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Which should be lowest? Kick or bass-guitar?

Discussion in 'Recordings [BG]' started by simenandreas, Sep 26, 2013.

  1. simenandreas


    Jan 23, 2011
    I just got into mixing, and I know kick and bass are pretty much in the same frequence area, and which one should be lowest or deepest in the mix?
  2. Depends entirely how you want each to sound, go listen to a bunch of different genres and analyse how they sound and how the drums & bass are mixed. I know it's a vague answer but there really is no set rule as long as it sounds good.
  3. I tend to start by deciding which one needs to sound fuller for the given song. If I decide the bass needs to be more prominent, I start by eq-ing both instruments to my liking and then backing down the conflicting frequencies in the bass drum.

    If that doesn't yield satisfying results, you could duck just the conflicting frequency range in the bass track by sidechaining from the bass drum track.

    This, of course, applies to any instruments that are conflicting in the mix.
    Good luck.
  4. I am not a sound engineer but as a bassist I like it when the kick and bass are close

    I use to always think bass had to be lower and round tone only to be had off fingers but with an ongoing commitment to trial error in live rehearsals I tend to now work for good mid range and with a pick

    A little eq off the head under a less is better approach plus smooth control off a pick with a standard tuned bass can provide a very tight tone that can almost bounces off the kick

    The other ingredient being a decent kick tone and good timing between bass and drums
    It's just one approach but that's where I am at
  5. socialleper

    socialleper Bringer of doom and top shelf beer Supporting Member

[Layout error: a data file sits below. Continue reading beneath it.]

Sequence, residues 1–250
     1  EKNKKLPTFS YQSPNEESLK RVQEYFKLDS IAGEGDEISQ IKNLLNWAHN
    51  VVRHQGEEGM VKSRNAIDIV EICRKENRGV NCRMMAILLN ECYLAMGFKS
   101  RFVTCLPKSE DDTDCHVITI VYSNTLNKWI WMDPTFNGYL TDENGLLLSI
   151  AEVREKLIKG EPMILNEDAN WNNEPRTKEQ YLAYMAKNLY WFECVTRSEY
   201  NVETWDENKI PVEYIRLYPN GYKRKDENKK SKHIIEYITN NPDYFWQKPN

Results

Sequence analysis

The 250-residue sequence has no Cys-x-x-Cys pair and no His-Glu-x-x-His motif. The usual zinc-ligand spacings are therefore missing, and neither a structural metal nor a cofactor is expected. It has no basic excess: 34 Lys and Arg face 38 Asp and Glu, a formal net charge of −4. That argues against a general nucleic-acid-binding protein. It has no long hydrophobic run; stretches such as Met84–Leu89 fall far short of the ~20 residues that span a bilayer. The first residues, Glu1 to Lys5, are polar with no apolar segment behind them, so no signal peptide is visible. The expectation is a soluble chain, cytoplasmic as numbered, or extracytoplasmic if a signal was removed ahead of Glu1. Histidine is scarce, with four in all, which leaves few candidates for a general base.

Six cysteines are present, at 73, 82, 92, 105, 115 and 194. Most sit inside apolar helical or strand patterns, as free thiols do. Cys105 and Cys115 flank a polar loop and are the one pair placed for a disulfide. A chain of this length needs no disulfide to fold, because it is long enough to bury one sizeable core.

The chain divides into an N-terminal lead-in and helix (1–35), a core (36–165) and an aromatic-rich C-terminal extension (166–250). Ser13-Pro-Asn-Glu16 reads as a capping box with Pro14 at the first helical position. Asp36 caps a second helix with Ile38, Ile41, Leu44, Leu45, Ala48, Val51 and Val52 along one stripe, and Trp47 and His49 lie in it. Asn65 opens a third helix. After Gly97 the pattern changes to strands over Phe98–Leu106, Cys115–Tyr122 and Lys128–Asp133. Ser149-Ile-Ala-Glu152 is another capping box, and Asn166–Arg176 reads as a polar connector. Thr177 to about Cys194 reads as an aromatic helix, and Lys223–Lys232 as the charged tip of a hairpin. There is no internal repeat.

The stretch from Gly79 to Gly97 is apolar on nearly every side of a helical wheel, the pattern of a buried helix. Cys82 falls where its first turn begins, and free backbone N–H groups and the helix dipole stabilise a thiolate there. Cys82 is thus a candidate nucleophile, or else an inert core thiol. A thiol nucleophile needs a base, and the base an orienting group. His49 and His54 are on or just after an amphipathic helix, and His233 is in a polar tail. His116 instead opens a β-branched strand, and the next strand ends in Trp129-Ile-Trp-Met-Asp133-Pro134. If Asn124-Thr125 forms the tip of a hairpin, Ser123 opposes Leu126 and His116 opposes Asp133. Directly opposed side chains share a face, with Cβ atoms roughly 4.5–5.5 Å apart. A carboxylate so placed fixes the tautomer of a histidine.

May 31, 2009
    Canyon Country, CA
    My opinion is that in a recording the lows of the kick should be set to a lower freq than the bass, but the bass still lower than the guitar. However, I'm a rock guy. Some R&B, Funk, Hip Hip acts might want the bass to have more of the sub-bass lows that make it more like a kick drum.
    I suppose it comes down to your application.
  6. bass geetarist

    bass geetarist

    Jul 29, 2013
    IME this can only be decided on a song by song basis. Trust your ears...
  7. Rockin Mike

    Rockin Mike

    May 27, 2011
    Interesting. I'm not a sound guy either but I always thought there was a general consensus that 125Hz and below belong to the kick, 200 and above belong to the bass.

    There are some YouTube videos for how to EQ bands, but I don't know how authoritative they are.

    Subbed because I want to learn also.
  8. simenandreas


    Jan 23, 2011
  9. Rockin Mike

    Rockin Mike

    May 27, 2011
    Very interesting. I think the main point of "EQ swapping" to prevent bass & kick from competing for frequencies in order to prevent muddiness. With the bass boosted & kick cut at 60Hz the tonal aspect of the song sounded fuller and the kick kind of did the same job as a floor tom usually would. Notice all you hear in the drum track is the kick, snare & ride cymbal. The kick carried most of the rhythmic interest but did not (and was not meant to) be a driving dance pump beast. So I guess the "bass lowest" is good for tonality-forward music and (from my experience) "kick lowest" is good for rhythm-forward music like live club dance & rock. I think another factor might be recorded vs. live. Most clubs I have been in are pretty boomy so we wind up cutting everything below about 80Hz (depending on the room) except the kick, and we give the kick everything up to about 125Hz where the bass begins to dominate.

    Cool video, thanks for that.

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